A camera and satellite net to stop big game poaching in Africa

Satellites and spy cameras are being used for good in a bid to stop poachers from killing protected species.

In Africa's wildlife reserves, satellite network is secret tool to stop poachers Satellites and spy cameras are being used for good in a bid to stop poachers from killing protected species. Read more: https://zd.net/2Z3j6vQ

British satellite telecom Inmarsat has joined forces with a Washington DC non-profit called RESOLVE to put its satellites to work on behalf of endangered wildlife in Africa. Though it sounds like a pitch room idea for a Bourne movie, the solution will use AI, satellites, and local cameras to thwart would-be poachers.

RESOLVE has a decidedly technological approach to defending wildlife. The non-profit has developed a system is called TrailGuard AI, which Intel helped develop and which is being funded and deployed by the Leonardo DiCaprio Foundation and National Geographic Society.

TrailGuard AI uses an AI-powered camera to detect humans in nature reserves, with 97 percent accuracy, and instantly transmit images to park rangers' facilities, enabling them to identify would-be poachers and intervene. Inmarsat's network plays a key role. The solution relies on the company's L-band, global, mobile satellite communications network to ensure the transmission of these images to rangers, overcoming the lack of reliable terrestrial connectivity in most remote nature reserves. TrailGuard AI utilizes Inmarsat's mobile BGAN terminals, which are simple to set up and connect to the units and can withstand harsh environments.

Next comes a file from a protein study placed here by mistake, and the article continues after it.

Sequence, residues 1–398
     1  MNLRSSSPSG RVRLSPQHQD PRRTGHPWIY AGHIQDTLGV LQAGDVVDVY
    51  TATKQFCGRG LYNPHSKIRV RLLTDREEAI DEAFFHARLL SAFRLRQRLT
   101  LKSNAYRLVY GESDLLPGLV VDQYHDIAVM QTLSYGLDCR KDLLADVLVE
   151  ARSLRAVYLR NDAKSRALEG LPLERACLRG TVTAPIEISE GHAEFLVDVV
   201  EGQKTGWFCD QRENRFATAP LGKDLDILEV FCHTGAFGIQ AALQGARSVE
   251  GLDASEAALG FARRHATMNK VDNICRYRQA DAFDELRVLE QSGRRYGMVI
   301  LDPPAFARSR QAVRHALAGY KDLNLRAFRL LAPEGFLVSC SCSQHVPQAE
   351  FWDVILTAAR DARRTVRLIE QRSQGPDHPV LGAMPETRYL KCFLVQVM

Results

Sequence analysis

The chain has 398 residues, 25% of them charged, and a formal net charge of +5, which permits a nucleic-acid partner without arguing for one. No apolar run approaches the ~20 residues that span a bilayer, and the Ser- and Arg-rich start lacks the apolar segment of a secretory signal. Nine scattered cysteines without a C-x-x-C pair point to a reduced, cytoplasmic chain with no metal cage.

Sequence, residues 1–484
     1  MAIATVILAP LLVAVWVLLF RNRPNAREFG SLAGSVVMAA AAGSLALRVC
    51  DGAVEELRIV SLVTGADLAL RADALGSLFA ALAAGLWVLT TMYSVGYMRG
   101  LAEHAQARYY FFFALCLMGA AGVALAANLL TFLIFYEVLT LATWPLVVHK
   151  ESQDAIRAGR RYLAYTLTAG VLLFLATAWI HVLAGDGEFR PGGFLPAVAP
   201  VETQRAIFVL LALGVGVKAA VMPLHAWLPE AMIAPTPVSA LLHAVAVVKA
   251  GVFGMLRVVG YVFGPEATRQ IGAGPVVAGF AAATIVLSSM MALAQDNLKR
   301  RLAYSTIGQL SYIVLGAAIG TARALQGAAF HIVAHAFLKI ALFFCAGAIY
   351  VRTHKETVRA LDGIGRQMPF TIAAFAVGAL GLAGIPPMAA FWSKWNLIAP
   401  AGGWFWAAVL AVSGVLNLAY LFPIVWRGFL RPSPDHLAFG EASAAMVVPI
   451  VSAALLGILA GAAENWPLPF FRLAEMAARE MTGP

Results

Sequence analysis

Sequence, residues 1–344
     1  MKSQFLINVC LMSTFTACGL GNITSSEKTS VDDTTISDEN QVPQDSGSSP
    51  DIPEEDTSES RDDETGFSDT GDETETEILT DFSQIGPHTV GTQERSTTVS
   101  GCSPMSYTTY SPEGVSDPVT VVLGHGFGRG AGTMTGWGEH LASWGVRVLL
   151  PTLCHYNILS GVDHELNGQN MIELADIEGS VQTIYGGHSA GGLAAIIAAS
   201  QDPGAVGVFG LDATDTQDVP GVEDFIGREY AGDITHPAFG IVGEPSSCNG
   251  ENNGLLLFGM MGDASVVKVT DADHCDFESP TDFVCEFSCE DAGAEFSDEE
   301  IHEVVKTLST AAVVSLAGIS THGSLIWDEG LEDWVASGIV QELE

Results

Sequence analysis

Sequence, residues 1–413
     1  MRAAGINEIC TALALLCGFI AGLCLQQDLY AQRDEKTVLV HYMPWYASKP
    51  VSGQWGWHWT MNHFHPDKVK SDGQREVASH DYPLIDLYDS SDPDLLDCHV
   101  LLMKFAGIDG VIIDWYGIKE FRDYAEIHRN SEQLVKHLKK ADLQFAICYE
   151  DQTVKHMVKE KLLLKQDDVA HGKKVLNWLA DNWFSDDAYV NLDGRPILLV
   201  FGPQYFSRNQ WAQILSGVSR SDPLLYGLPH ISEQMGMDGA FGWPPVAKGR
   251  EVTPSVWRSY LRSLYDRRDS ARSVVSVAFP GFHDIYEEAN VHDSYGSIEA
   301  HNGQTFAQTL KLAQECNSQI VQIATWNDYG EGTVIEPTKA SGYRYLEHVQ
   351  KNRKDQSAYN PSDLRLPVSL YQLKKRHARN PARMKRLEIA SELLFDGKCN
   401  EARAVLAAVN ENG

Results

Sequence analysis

"For the TrailGuard solution to work effectively we need rock-solid connectivity, which, in most remote African wildlife reserves, is only achievable with satellite. Inmarsat's global, ultra-reliable satellite connectivity was the only solution that could help us overcome the connectivity challenges we faced and connect our smart sensors deployed out in the parks. This is expected to detect 80 percent of poaching gangs operating in each area, which is by far the most effective strategy based on the resources and manpower available."

The system got its first full-time trial when it was deployed in the Singita-Grumeti reserve in Tanzania in 2018. So far, the system has resulted in the arrest of around 30 poachers, many of whom were caught with bushmeat. RESOLVE is hoping to deploy the system at strategic chokepoints its as identified within 100 African parks with high incidents of poaching.

"Wildlife poaching in Africa is at epidemic levels, but despite the best efforts of dedicated rangers, the large park boundaries and rough terrain mean that they often only find out about poaching when it's too late," says Dr. Eric Dinerstein, Director of WildTech and the Biodiversity and Wildlife Solutions Program at RESOLVE. "The TrailGuard solution acts as an early warning system, transitioning ranger teams into fully mobile, rapid-response units so that they can respond to would-be poachers and stop them in their tracks."